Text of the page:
On a visit to New York last month, I watched the CBS Evening News, along with millions of other people.
The anchor told the top story: A mass kidnapping in broad daylight at a center of higher education in Baghdad. Next, the Baghdad reporter popped up live on the screen. The anchor interviewed an Iraqi academic, then voiced over a couple of related topics before tossing to the correspondent on Capitol Hill.
And all of the above were women. The anchor, the Baghdad reporter, the Capitol Hill correspondent. Even the Iraqi academic. It was practically the ad break before the first sign of testosterone appeared.
An average night, perhaps, for CBS viewers now.
An eye-opener for me.
Having hardly seen CBS since we moved to London in 1993, finding this proliferation of women on the Evening News was akin to emerging from a Rip Van Winkle-type sleep to find an uber-race of intelligent, brightly-clad creatures had taken over Earth's airwaves.
To be fair, my impressions are, apparently, at odds with the facts. Under the headline "Women Scarcer On CBS Evening News" Broadcasting & Cable revealed recently women were getting fewer assignments under Katie Couric's stewardship than that of her predecessor Bob Schieffer.
Statistics I can't dispute. Blame my impressions on the CBS-less time warp from which I emerged. B&C aside, it seemed there are women, women everywhere on Planet CBS. Just check the Bio pages on the CBS News website.
In the interest of full disclosure: I am a woman. I used to work for CBS. But that was long ago and far away, and I hardly watched CBS even then, because I lived and worked in the Middle East at a time when CNN was the only network available by satellite.
So the last time I looked, CBS air seemed full of gray suits and beige trench coats, somber men of a certain age and gravitas, with the occasional dash of distinguished war correspondents. Not that there's anything wrong with that. It's just that it seemed, well, full of gray suits and beige trench coats.
Oh, there were women of high profile at CBS -- Lesley Stahl, Susan Spencer, Meredith Vieira and Connie Chung come immediately to mind -- just not as many.
I left broadcast journalism several years ago, to write Season of Betrayal, a novel published last month. It's about journalists and war zones, set in Beirut against the historical backdrop of the disastrous U.S. Marines peacekeeping mission of 1983. I was a stringer for CBS radio there the following year, and while the book isn't autobiographical, it does pull together thoughts and observations from that time and place – among them, an abiding admiration for the women of the Beirut press corps.
Thus, in Chapter 10, you'll find a mini-tribute to some real journalists in the middle of an otherwise fictional strand:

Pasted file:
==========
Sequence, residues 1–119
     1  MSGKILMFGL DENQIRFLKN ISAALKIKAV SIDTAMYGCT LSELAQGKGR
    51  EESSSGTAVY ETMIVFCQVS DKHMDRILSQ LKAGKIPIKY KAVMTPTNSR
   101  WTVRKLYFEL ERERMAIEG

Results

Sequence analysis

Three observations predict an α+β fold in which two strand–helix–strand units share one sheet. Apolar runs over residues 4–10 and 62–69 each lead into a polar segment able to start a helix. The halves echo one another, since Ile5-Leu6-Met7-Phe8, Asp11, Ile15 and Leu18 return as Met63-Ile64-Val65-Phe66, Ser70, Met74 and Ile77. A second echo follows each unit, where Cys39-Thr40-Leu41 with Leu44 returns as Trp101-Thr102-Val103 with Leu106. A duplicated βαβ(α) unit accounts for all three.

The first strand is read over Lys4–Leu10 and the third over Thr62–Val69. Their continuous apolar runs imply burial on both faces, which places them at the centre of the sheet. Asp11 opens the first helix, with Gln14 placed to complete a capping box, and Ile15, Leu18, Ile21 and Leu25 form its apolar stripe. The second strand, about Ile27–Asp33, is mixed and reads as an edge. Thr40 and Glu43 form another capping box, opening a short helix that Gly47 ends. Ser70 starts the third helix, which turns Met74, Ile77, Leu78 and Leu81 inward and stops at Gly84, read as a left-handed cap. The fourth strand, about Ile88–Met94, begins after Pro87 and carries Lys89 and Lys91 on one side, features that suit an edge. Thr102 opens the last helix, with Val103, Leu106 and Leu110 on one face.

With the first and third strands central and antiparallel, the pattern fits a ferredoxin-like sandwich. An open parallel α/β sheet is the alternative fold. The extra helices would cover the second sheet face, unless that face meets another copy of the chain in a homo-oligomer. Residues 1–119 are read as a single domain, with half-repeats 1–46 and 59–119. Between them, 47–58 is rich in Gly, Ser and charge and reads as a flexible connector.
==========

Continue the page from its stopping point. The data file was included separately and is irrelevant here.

If the only picture you have of Beirut in 1983 is the one sketched by me so far, it might seem all the journalists were men. They far outnumbered women in the press corps, and as far as Mac's small circle went, predominated. But the women, too, formed a remarkable sorority, bold and brave in equal measure – whether Armenian like Katie, Lebanese like Nora, French Like Francoise, American like Jane and Robin and Cynde, or British like Julie.Agneta, Eileen, Earlean, the list goes on. "Bold and brave" and a lot more. Professional equals of the male colleagues they joined on journalism's front lines. Pioneers for today's crop of war correspondents. Of both sexes.
For CBS overseas, Martha Teichner graced the world's war zones, as did Cinny Kennard who was Moscow Bureau Chief and covered much of the war in the former Yugoslavia a few years later. Betsy Aaron was another globetrotter. CBS had two female bureau chiefs in the Middle East in the 1980's: Lucy Spiegel, who surely was one of the first women to run a TV office in a war zone, as Beirut Bureau Chief, and Scottie Williston in Cairo.
Most of CBS' foreign correspondents at the time, however, were men, including some of the best in the business, whom I was privileged to work with and learn from: Doug Tunnell, Alan Pizzey, Richard Roth, Larry Pintak and Bob Simon.
Moving to CNN in 1989 proved a real contrast. Perhaps because it was a young, startup network, there were almost as many women behind the camera as in front – like Jane Evans and Margaret Moth and Ingrid Formanek, who got started in war zones and never seemed to be out of them.
Living in London, most of the great debate about CBS' new anchor has passed me by. Thank goodness. Analyzing is for analysts; I'll cling stubbornly to my own impression. There may, in fact, be fewer females on the screen in the opening months of Katie Couric's tenure than in the months preceding it, but I'm pretty sure there are nonetheless a lot more females on CBS air in general than last time I looked.
Does that necessarily make it better? Certainly, different.
Oh, and Katie Couric wore red.